* February 1995 ” Doug Hamilton, 26, of Ohio was buried in his tepee in the Conundrum Valley. His body was recovered days later, still in his tepee, beneath 8 feet of snow.
* January 1996 ” David Koztoski, 38, of Aspen, snowmobiled with a companion into McFarlane’s Bowl, located off Richmond Ridge on the back of Aspen Mountain, to ski powder. Both were experienced backcountry skiers and were wearing avalanche beacons, according to news reports. Koztoski was caught in a slide; his body was found the next day, about 600 yards down the bowl.
* January 1996 ” Anton Valerin, a native of Romania residing in Denver, was killed from injuries he suffered in a slide down Pyramid Peak while climbing the fourteener with three companions.
* January 1999 ” Larry “Lonnie” Moore, 45, of Missouri Heights was skiing in the backcountry below Steeplechase at Aspen Highlands with a companion when he was killed in an avalanche. Both men were described as veteran backcountry skiers, but the avalanche rating at the time was high. Rescuers who retrieved his body the next day had to “bomb their way out” of the terrain, using explosives to trigger additional slides and make their own passage safe for travel.
* January 2000 ” Carl “Chip” Johnson, 37, of Snowmass Village, died skiing in a narrow gulch in Hurricane Basin, above Little Annie Road on the back of Aspen Mountain. An experienced backcountry skier, he was skiing alone when the snowpack gave way. He was found buried in 6 feet of snow at the bottom of the gulch.
* March 2000 ” Aspenites John Roberts, 30, and Michael Hanrahan, 49, part of an experienced group of six skiers, were killed in a slab avalanche in Tonar Bowl above the Maroon Creek Valley. Traumatic injuries caused their deaths.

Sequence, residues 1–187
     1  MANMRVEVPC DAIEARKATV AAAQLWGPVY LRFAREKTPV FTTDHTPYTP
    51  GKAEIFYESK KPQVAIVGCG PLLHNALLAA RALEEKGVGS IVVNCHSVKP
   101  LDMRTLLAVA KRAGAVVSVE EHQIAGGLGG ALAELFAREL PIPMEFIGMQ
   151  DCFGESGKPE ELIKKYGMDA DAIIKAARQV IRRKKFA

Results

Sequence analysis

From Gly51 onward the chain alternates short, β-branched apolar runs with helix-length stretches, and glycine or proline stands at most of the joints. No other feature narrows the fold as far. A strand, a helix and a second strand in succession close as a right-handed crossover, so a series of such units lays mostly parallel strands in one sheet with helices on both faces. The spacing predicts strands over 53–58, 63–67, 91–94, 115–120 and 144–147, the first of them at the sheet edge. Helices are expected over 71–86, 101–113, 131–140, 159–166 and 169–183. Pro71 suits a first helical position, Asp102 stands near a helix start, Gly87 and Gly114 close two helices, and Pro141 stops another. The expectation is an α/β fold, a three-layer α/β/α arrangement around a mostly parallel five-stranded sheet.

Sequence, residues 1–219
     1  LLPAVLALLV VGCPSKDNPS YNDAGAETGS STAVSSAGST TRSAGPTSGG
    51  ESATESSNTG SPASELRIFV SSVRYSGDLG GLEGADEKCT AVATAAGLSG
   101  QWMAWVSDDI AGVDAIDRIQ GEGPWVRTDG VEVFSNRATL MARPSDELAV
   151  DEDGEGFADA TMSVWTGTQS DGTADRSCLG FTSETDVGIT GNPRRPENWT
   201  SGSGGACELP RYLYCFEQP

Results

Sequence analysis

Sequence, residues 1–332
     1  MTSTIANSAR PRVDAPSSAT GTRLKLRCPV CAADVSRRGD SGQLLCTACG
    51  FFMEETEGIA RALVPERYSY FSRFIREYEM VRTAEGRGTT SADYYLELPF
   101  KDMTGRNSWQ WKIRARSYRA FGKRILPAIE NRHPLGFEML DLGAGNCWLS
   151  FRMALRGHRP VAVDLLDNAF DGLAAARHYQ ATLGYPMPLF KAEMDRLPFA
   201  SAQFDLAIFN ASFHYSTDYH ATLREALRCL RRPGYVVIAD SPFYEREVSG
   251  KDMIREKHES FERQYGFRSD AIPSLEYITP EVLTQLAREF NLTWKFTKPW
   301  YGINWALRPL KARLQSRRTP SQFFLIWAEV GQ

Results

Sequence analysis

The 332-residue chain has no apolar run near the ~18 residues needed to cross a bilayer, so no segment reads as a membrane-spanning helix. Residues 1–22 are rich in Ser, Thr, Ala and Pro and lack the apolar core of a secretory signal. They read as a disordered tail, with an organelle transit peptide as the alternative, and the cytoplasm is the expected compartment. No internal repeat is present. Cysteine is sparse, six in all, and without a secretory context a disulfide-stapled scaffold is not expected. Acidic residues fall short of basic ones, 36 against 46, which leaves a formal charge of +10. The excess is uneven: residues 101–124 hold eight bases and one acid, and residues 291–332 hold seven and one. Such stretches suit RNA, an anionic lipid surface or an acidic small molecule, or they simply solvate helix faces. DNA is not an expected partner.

* February 2002 ” Robert Littlewood, 67, of Park City, Utah, died in what was more anomaly than avalanche, though he was asphyxiated in loose snow. He was skiing at Aspen Highlands when he took an apparently nasty fall that left him incapacitated. He slid out of bounds and the small amount of snow that slid with him left him buried and unable to breath. Had he not been otherwise injured, Littlewood could have sat up and brushed off the snow, a resort spokesman noted at the time.
* March 2002 ” Two individuals were killed in separate avalanches on the same day ” one just out of bounds on Aspen Mountain and the other near the Lindley Hut, south of Ashcroft.
James Ellis, 63, of Fort Collins, was one of a party of 10 people staying at the hut. He was out skiing on a moderate slope when the terrain above him broke loose. The avalanche swept him into a tree, killing him, and injured two of his companions.
Dana Martino-Spencer, 39, of Chicago, ventured through a backcountry gate on Aspen Mountain. Described as a frequent Aspen visitor and expert skier, she was alone when she triggered a soft-slab avalanche in a steep gully below Pandora’s Box and suffocated under 5 feet of snow.
Janet Urquhart’s e-mail address is firstname.lastname@example.org